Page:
Promising signs for open access in Canada

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Canadian researchers have been strong supporters of BioMed Central’s
open access journals since day one – in fact  BioMed Central has
already published more than  1800 open access research articles
from Canadian researchers. The good news for open access authors based
in Canada is that their research funders are increasingly embracing
open access, too.

Latest reports
suggest that the Canadian Institute of Health Research is set to
release an official policy on open access within the next few weeks.
The draft policy has been available online
for some time, and would require grantees to make resulting research
articles  available via an open access archive within 6 months of
publication.

The CIHR already expicitly allows open access publication costs to be included in grant applications, but the following note:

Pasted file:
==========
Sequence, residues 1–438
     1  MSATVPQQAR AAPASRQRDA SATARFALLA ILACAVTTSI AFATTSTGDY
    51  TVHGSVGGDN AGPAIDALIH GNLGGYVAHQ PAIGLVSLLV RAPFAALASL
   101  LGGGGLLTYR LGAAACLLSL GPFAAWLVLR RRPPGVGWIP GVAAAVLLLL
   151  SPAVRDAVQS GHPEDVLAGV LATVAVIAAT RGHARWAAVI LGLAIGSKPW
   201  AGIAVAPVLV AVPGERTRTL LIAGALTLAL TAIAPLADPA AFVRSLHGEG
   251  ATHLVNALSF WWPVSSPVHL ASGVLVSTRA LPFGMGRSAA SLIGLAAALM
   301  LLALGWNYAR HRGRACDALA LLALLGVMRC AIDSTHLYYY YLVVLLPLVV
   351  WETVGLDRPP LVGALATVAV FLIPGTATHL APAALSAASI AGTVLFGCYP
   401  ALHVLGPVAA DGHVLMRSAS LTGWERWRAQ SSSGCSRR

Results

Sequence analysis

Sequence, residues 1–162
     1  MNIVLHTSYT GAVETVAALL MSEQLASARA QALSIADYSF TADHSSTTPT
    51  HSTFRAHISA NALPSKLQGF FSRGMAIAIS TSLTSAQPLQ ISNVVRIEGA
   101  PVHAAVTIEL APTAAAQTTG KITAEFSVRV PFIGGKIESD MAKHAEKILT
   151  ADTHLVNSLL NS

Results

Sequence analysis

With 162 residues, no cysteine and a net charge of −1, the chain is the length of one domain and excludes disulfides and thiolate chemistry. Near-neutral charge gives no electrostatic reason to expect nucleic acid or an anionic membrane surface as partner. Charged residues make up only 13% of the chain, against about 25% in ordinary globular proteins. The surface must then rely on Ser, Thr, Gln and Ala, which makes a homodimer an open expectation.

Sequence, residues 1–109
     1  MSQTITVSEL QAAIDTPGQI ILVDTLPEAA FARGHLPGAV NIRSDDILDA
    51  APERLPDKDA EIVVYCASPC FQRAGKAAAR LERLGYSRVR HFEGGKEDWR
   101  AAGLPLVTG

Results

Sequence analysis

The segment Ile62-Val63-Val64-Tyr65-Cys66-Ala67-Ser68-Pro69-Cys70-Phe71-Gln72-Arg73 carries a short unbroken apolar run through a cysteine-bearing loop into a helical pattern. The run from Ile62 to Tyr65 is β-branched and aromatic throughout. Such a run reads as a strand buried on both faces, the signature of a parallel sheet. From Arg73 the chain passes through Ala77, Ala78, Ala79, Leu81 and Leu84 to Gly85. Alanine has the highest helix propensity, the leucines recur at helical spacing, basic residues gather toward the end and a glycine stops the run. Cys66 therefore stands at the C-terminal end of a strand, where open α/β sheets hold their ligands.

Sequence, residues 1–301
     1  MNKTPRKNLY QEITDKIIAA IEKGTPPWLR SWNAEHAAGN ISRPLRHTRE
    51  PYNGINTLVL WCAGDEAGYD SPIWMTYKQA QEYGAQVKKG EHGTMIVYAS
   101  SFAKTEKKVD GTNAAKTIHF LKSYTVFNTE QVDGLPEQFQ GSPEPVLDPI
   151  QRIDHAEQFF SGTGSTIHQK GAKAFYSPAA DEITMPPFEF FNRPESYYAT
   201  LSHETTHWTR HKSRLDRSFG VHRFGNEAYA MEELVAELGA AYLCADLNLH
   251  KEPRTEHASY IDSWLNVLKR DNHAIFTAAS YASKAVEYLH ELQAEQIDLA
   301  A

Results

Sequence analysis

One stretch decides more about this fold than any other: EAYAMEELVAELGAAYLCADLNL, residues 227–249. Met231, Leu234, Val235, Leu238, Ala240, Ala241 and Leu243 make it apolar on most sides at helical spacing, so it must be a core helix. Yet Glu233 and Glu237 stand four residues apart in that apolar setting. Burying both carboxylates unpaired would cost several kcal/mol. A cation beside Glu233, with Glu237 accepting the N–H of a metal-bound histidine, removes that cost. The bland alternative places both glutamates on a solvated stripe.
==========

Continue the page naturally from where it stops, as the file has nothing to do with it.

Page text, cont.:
49.
It was suggested that CIHR implement a "page-charge reimbursement
mechanism" that would lie outside of the grant itself. This would allow
authors to get reimbursed for page charges for publications that were
not anticipated in the grant application and may appear years after the
grant has run out."

which appears in the report on
the consultation process
, suggests that CIHR may well go
further, following Wellcome, the British Heart Foundation and the Arthritis
Research Campaign (amongst others) by making central funding available to ensure
that grantees always have the option to publish in an open access journal.

BioMed Central
strongly supports the provision of such
central funding for open access publication, which plays a vital role in ensuring that authors are able to publish in
open access journals just as easily as in traditional journals (which already
have the benefit of large-scale institutional support through library
budgets).

Further positive news for open access in Canada comes in the form of reports from various sources indicating that the Canada Institute for Scientific and Technical Information (CISTI), is now collaborating with CIHR to investigate the possibility of a Canadian version of PubMed Central.

So – if you are a Canadian biomedical researcher, watch this space…